Tuesday, November 7, 2006
Let Me Bring You Down
There must be something genetically inscribed in
writers that compels a great many of them into
deep bottom-of-the-sock drawr confessions; the aim is to fill the page with evidence, it seems, of true authenticity of being, that what they write is more than mere twists of virtuosity culled from mastery of the rhyming dictionary, and definitely more than clever tweakings and extensions of formula metaphors, allusions and attendant devices.
I exist, I bleed, I am a depressed, these things, these events have made me sad and sullen and all these years of letting them mature like saving bonds in the vaults of venal resentment have given me a gravity that will weight my words and make the reader slip into a morose empathy as my spare , depressed renderings makes all the music in their house become mute, with only my flat, inflectionless voice murmuring like coffee on slow boil. Read me, feel me, envy my legitimacy of being, I am real, I am profound, I am a writer...
These are the sort of people you inch away from in actual circumstances--the sensation of being sucked into the black hole of their self-involvement is physically tangible, I think--and yet we're compelled to make excuses for what amounts to ceaseless whining and scab-picking, and for perverse reasons read them. It might be the same phenomenon as drivers slowing down to gawk at a bad road accident.
The first problem is that confession of this sort, which the unfair characterization above describes, is not clarification but only cleverness, and rather than seek the end of agitated consciousness through understanding and transcendence, there is rather the hope to continue as one has, writing yet more revelations
(or, rather, reworking images and situations previously described and tested on readers),and it's a matter of economic survival. No one wants to rid themselves of that thing that allows them to riff onward endlessly; one does not want to blow their gig entirely by publicly revealing the answer to their own problems. The problem is subject matter, after all, and a poet needs something to write about, or exploit. It amounts to living in a rut and having it decorated.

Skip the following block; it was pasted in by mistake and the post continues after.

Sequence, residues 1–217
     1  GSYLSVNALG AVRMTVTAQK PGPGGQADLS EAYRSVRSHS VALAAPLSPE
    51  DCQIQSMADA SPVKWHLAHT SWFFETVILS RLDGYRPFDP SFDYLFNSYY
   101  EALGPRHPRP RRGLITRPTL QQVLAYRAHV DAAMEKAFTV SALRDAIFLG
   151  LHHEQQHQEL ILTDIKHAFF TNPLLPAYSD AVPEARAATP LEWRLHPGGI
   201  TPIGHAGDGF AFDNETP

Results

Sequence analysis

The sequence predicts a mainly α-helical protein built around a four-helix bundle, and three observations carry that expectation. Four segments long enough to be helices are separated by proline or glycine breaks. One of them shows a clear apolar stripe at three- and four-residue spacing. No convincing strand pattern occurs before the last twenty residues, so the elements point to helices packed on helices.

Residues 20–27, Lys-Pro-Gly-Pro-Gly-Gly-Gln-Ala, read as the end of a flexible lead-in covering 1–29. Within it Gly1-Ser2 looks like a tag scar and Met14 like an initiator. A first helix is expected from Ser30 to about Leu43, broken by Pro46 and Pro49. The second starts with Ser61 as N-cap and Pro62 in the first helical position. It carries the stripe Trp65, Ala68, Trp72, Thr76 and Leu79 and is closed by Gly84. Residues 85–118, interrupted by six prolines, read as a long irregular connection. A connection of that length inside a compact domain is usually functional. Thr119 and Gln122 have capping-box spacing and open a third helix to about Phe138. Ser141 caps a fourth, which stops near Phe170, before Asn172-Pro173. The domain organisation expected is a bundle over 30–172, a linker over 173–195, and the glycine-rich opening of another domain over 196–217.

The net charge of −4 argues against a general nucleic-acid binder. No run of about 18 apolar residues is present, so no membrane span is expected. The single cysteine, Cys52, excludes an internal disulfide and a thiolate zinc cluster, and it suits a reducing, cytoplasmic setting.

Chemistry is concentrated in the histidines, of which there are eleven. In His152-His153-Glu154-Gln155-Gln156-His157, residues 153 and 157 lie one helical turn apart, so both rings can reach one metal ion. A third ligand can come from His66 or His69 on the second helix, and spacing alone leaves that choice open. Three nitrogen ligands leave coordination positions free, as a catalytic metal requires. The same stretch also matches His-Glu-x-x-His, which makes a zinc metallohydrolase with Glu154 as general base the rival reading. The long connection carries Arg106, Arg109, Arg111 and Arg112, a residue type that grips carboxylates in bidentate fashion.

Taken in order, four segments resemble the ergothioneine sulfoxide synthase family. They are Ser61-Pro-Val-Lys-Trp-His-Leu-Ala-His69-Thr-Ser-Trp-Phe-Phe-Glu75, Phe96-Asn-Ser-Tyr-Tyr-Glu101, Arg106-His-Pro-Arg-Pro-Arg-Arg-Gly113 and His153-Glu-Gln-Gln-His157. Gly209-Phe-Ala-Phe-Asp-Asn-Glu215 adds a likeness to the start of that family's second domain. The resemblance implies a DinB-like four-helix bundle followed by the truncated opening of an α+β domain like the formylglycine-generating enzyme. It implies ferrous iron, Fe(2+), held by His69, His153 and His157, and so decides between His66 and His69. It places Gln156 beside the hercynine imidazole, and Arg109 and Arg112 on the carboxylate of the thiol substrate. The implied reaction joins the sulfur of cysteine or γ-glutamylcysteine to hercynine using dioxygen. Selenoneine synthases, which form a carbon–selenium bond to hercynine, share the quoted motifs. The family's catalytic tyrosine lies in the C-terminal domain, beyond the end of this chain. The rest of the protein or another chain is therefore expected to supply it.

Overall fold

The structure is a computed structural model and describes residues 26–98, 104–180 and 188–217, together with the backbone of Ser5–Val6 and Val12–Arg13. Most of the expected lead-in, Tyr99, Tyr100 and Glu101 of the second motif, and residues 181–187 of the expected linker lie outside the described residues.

"Twins", by Debra Nystrom, is evidence of an old complaint frequently stated in these parts, being a routine bit of confessional prose one might happen across if they sample the epidemic of slight and overwritten memoirs, only formatted into
couplets. The use of couplets, stanzas, the spaces between the stanzas, is to offer a clue that there is about to be an associative leap in the offing, some fresh idea from choice foreshadowing, but our patience is rewarded with some frayed connections. In couplet form, Nystrom's stream of connections is less a seamless stream than it is an impatient butcher forcing a hank of ham through a meat grinder.
It sounds forced, and while these compact itemization might be forgivable in a long winded paragraph, excused, I suppose, as the heightened awareness of someone pluming the depths of their beings for truths defying conventional wisdoms, the "poetic" line breaks here serve only to draw attention to the awkwardness and sheer clumsiness of some of her sentences:
--my mom a real twin whose twin, shipped out
to Asia with the navy, had let her fall
to a rip-tide marriage along with me, little
dead-weight, little buoy
--music twisting out of an LSD
researcher's stereo like toothpaste;
You groan, you say "ouch", you reach for the phone to call someone. These flourishes read like afterthoughts, as if inserted into Nystrom's
prose diction when she hypothetically decided to change a notebook entry into a poem, written and applied to make the passage "poetic". Such effort, if so, is only window dressing, and the result here is like a sticky patch of dried ice cream one might step on crossing a hard wood floor.